And in that dark, the dead of night
I thought I saw a flickering light
Dancing in and out of sight
Singing this song…
Ah let’s lighten things up a bit with some Renaissance Faire music, especially where it crosses over with the supernatural.
I mean it too, the last few tunes have been a bit on the dark side, so we’re going to dial it back a bit, and what better to ring that in than with some Blackmore’s Night? Living legend Ritchie Blackmore, THE noted guitarist from both Deep Purple and Rainbow, embraced Renaissance folk music decades ago with his wife Candice Night, forming the nucleus behind the project.
A dozen extremely enjoyable albums later, their work remains infinitely more fascinating than just swirling the drain of recycled classic rock clichés, anyhow.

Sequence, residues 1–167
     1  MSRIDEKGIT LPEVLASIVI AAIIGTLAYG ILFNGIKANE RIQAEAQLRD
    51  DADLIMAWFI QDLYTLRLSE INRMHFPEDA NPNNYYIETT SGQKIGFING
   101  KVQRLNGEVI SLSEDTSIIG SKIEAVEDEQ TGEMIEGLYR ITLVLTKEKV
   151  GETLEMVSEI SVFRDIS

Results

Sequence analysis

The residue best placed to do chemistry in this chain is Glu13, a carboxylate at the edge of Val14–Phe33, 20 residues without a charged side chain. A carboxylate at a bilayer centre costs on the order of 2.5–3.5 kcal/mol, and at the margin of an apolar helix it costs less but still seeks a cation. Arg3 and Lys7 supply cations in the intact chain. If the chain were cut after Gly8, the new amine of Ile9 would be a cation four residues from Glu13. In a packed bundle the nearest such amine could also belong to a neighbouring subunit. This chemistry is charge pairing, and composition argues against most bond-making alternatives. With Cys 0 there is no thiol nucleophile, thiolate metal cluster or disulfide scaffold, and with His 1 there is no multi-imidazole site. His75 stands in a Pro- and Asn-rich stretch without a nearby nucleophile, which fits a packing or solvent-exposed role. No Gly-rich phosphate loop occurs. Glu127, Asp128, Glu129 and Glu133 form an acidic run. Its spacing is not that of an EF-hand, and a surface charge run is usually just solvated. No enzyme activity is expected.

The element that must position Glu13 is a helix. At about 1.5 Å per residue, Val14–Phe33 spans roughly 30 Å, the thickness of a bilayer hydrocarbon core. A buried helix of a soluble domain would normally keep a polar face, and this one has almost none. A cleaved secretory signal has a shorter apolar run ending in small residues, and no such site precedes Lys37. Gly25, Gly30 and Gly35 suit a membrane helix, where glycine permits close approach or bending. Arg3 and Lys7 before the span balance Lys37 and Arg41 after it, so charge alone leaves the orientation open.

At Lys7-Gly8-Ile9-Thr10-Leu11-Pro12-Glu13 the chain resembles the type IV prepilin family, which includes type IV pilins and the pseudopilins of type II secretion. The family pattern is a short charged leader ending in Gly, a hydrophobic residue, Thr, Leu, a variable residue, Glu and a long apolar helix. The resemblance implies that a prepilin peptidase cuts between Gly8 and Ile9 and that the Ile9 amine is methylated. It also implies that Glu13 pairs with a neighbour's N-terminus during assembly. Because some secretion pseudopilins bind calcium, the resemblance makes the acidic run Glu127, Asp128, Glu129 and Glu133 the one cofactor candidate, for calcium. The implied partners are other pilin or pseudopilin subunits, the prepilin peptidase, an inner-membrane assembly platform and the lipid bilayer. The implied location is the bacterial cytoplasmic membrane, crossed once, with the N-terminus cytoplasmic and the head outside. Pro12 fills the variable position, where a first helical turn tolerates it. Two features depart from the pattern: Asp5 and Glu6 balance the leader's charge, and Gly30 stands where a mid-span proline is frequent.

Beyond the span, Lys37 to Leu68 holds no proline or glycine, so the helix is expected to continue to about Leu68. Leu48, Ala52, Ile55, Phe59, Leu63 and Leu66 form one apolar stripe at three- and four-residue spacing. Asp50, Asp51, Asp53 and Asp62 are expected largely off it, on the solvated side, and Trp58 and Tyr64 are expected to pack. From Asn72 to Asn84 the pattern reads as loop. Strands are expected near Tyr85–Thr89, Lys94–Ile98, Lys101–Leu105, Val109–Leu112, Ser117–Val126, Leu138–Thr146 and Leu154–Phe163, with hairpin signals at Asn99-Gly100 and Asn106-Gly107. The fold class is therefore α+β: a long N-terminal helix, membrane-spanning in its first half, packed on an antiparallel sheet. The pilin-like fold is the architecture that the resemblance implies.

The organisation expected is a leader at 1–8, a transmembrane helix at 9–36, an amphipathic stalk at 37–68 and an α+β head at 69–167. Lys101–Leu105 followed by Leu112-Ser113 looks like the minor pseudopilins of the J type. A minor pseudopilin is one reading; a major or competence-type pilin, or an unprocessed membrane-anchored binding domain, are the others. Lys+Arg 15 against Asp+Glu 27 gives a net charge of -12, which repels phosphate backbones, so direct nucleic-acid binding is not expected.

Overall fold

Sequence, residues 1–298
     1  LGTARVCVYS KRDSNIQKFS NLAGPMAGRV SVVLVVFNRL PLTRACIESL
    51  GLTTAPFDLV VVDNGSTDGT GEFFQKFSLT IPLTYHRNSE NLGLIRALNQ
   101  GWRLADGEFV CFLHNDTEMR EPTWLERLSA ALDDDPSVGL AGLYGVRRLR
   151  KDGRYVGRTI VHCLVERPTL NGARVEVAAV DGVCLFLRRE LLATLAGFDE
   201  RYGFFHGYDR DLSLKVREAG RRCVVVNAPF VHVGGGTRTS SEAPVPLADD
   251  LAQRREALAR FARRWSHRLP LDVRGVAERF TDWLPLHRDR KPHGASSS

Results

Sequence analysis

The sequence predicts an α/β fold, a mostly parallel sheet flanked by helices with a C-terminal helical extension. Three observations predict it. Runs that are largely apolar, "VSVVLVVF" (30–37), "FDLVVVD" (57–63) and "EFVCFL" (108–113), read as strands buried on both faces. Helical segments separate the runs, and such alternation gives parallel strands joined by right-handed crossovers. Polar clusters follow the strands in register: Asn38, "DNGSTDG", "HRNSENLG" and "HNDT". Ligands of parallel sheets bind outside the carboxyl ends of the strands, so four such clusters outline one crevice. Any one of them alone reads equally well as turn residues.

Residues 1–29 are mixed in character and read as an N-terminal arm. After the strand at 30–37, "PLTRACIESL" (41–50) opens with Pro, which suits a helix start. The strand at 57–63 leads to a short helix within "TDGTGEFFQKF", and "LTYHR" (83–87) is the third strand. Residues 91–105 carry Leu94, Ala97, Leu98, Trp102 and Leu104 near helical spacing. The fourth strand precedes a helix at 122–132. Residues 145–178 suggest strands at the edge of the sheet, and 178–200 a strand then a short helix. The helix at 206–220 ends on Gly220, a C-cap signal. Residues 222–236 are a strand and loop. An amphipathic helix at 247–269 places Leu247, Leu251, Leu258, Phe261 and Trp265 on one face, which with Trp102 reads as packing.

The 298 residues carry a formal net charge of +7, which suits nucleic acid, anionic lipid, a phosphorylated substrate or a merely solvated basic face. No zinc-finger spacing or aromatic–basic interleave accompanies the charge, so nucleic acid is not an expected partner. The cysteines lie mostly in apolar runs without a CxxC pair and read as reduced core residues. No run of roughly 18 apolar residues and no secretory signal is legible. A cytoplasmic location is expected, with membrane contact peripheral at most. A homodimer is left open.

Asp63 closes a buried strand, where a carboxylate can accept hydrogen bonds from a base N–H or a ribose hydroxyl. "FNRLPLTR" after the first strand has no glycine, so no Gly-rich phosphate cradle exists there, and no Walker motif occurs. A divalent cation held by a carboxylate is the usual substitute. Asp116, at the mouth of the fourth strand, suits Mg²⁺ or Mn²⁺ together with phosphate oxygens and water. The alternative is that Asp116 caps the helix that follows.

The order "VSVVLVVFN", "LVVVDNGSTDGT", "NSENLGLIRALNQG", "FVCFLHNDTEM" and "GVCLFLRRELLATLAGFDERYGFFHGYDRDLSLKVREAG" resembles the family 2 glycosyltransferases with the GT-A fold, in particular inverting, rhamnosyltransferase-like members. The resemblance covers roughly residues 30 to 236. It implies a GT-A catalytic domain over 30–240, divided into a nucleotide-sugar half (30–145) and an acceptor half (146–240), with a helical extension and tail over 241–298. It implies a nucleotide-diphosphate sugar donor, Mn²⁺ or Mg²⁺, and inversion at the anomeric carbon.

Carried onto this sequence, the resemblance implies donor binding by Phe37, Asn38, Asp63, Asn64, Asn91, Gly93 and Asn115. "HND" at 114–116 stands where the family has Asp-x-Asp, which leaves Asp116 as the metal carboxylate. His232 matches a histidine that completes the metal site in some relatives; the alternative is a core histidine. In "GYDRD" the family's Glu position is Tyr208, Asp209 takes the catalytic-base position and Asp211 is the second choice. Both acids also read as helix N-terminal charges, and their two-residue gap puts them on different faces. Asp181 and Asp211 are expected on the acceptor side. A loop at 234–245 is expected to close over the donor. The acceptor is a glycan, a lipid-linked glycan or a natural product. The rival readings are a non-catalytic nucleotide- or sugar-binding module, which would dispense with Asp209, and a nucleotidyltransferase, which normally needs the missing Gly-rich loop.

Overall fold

Our selection today is Will O’ The Wisp, from their 2015 album All Our Yesterdays. The European folk legend of the will-o’-the-wisp is that of an “atmospheric ghost light”, flickering spirits noted by travelers on their sojourns. Most likely some kind of bio-luminescence, these spirits have often been associated with something just out of reach; a goal, dream, or objective that seems just within reach, and then disappears from view entirely, perhaps never to be seen again.
I also played a lot of D&D so this was prime Monster Manual material. But I digress.
The song is just lovely, with the clarity of Night’s warm vocals perfectly complemented by Blackmore’s multi-instrumental performance. But it’s also evocative enough to transport the listener centuries into the past, walking down a Wessex forest path, the chill Autumn evening shadows broken by the sudden appearance joyful spirits of light, beckoning us towards something wholly unknown and terrifying and fascinating and wonderful.
After all: Will O’ The Wisp is just another name for a Jack O’Lantern. You don’t get much more Halloween than that.
Then the lights they faded out
But the magic still remains
Though overgrown is the path
I still see the flame…